Risk Communication in Tomorrow’s Istanbul

The Istanbul skyline
Iain Stewart

Risk communication in disasters aims to prevent and mitigate harm from disasters, prepare the population before a disaster, disseminate information during disasters and aid subsequent recovery. But despite a wealth of scientific information about threats, exposure, and vulnerability, most at-risk communities remain chronically ill-prepared. Therefore, our communications need to become far more effective if they are to genuinely reduce disaster risk.

Most disaster risk communication is expert-led and top-down, in which risk authorities emphasize awareness-raising through public education.  But the 2015 Sendai Framework for Disaster Risk Reduction promotes a bottom-up, people-centred approach that embraces local and traditional knowledge and prioritises the active engagement and participation of at-risk publics. Therefore risk authorities need to increasingly focus their communications on the ‘first mile’ – getting meaningful information to those living in disaster-prone environments in order to motivate preparedness, save lives and bolster resilience.

With that grand challenge in mind, across the Tomorrow’s Cities research network, and specifically within the context of the Istanbul multi-hazard threat, there are three critical questions to confront:

1 - How can we be better communications?

Risk communication in disasters has historically been a one-way transfer of information from authorities to the public, rather than an interactive flow of information. Typically, this is done by public education campaigns using print and broadcast media. So, to better understand how to get their technical messages across, scientists and engineers need to appreciate how journalists and the news media work, particularly in crisis situations. Improving the ‘media literacy’ of technical experts can be achieved through media and communication training workshops, provided either by institutional or organizational press teams or outside media groups such as BBC Media Action. Such training provides practical experience in ‘framing’ complex and contested issues in more appealing ways, and using journalistic devices of storytelling, narrative and visual imagery to engage hard-to-reach, non-technical audiences.

But the media landscape itself is rapidly transforming. Today, web- and mobile-based technologies offer new and far-reaching means to disseminate hazard warnings and to inform communities on how to prepare for or cope with extreme events. New channels of popular engagement are opening up. Digital storytelling and animation offer fresh ways to convey enduring threats, such as the next Istanbul earthquake. 

Looking ahead, virtual immersive environments, gaming engines, and online scenario-based simulations offer the promise of exciting new instructional tools. It remains uncertain, however, whether this emergent media is more effective than traditional media for communicating DRR. Therefore, evaluating innovative immersive communication technologies will be an important element of the Tomorrow’s Istanbul risk communication research programme.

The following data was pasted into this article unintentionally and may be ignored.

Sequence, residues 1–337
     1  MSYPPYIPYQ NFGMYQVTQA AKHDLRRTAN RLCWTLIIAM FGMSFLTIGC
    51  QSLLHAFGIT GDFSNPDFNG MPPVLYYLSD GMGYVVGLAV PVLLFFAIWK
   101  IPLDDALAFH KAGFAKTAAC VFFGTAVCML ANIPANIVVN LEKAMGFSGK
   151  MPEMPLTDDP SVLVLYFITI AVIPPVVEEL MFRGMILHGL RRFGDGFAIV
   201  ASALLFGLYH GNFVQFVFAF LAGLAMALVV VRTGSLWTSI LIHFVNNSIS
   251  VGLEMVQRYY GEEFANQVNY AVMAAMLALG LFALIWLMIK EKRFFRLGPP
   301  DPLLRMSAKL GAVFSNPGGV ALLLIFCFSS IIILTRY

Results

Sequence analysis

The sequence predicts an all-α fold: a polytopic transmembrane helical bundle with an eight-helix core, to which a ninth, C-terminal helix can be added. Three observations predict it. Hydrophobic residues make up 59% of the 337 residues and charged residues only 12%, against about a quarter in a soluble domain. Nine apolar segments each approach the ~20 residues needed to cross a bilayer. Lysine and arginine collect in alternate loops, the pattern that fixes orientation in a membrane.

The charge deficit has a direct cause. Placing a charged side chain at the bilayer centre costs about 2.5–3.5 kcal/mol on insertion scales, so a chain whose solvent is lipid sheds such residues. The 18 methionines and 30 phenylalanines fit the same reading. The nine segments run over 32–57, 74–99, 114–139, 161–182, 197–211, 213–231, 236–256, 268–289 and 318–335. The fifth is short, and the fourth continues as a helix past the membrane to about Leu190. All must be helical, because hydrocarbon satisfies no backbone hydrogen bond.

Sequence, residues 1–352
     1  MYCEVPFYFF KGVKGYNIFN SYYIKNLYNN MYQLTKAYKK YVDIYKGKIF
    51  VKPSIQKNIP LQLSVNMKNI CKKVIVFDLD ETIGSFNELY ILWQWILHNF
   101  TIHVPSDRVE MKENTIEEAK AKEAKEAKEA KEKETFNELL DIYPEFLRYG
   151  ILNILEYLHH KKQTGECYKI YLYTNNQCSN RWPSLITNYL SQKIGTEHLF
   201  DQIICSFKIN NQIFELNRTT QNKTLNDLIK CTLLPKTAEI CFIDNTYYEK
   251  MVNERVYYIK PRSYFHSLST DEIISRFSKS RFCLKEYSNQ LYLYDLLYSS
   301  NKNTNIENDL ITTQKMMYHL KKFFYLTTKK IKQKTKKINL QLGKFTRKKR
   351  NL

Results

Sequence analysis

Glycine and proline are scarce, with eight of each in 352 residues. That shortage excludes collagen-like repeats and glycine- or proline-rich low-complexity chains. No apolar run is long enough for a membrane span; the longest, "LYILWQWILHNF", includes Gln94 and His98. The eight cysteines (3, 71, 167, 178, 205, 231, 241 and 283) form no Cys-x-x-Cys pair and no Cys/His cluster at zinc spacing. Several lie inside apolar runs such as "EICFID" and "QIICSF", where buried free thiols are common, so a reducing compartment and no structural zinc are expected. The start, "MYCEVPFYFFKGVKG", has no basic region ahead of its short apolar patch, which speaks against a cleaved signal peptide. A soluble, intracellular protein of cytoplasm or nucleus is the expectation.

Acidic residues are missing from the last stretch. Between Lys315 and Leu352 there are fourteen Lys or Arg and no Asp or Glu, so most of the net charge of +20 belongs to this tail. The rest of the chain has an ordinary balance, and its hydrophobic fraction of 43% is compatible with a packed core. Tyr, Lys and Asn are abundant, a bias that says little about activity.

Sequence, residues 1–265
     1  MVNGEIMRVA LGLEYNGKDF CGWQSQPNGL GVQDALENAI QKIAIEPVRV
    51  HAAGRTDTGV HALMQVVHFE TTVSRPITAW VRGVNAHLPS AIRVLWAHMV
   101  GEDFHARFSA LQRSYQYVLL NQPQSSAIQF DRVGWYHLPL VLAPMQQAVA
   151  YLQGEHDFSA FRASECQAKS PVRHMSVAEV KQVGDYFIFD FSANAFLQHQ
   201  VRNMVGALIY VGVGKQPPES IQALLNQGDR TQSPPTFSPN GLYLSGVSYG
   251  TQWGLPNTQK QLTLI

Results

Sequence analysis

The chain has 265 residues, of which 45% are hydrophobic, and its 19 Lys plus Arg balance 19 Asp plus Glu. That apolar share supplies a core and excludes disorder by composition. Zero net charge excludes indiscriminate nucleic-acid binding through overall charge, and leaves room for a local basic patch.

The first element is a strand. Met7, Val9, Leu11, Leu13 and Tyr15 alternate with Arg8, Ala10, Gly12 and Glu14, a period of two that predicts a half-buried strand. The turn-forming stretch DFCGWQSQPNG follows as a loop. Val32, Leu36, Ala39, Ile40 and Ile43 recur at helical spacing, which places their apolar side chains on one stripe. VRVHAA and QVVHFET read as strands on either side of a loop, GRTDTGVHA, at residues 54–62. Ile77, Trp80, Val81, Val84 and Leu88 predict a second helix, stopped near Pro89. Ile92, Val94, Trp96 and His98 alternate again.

2 - How can we better sense and respond to what people need? 

Communication is not just an art, it’s also a science – one built on decades of empirical social science about how people think and behave. We know that individuals and groups can be motivated to act by communications that strengthen their knowledge and their sense of personal and collective action (efficacy) but can be demotivated by overwhelming feelings of fatalism and fear. People take preparedness action when they know what to do, think it will work, and see others like them taking action. Equally there are deep-set cognitive, social and cultural biases that inhibit us – experts and non-experts alike – from rationally responding to perceived hazard information. Typically, people respond less to ‘matters of fact’ and more to ‘matters of concern’, so sensing what those human concerns are is essential element in risk communications.

Understanding risk psychology, sociology and culture in the context of Istanbul will be critical to developing more appropriate, locally-specific models for what motivates or inhibits behavioural change for disaster preparedness. Much can be learned from allied fields, notably public community health, about how complex risk messages can be conveyed to different at-risk groups. The goal is to establish a more robust empirical basis for authorities and disaster agencies to develop effective ‘actionable risk’ communication strategies.

3 - How can we better engage with communities at risk? 

If a disaster risk to a community exists, then the community deserves to be informed. The 2015 Sendai Framework promotes such community-centred DRR communications but this new approach raises important questions. How do local, grassroots initiatives map on to and integrate with existing national and regional top-down interventions? What modes of new participatory, community-centred risk communications are most effective? How do we develop risk dialogues with the most marginalized and hardest-to-reach groups? How might participatory, community-based practices be augmented with web-based and mobile technologies?

Combining stakeholder mapping with a more flexible communication toolkit aims to allow the Tomorrow’s Istanbul research team to target their specialist technical know-how more effectively at the neighbourhood level through carefully designed, culturally-tuned and locally-specific risk interventions. The ultimate challenge will be evaluating the efficacy of these actionable risk interventions, within the city and across the disaster cycle.

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Photo credit: Jeffrey, Flickr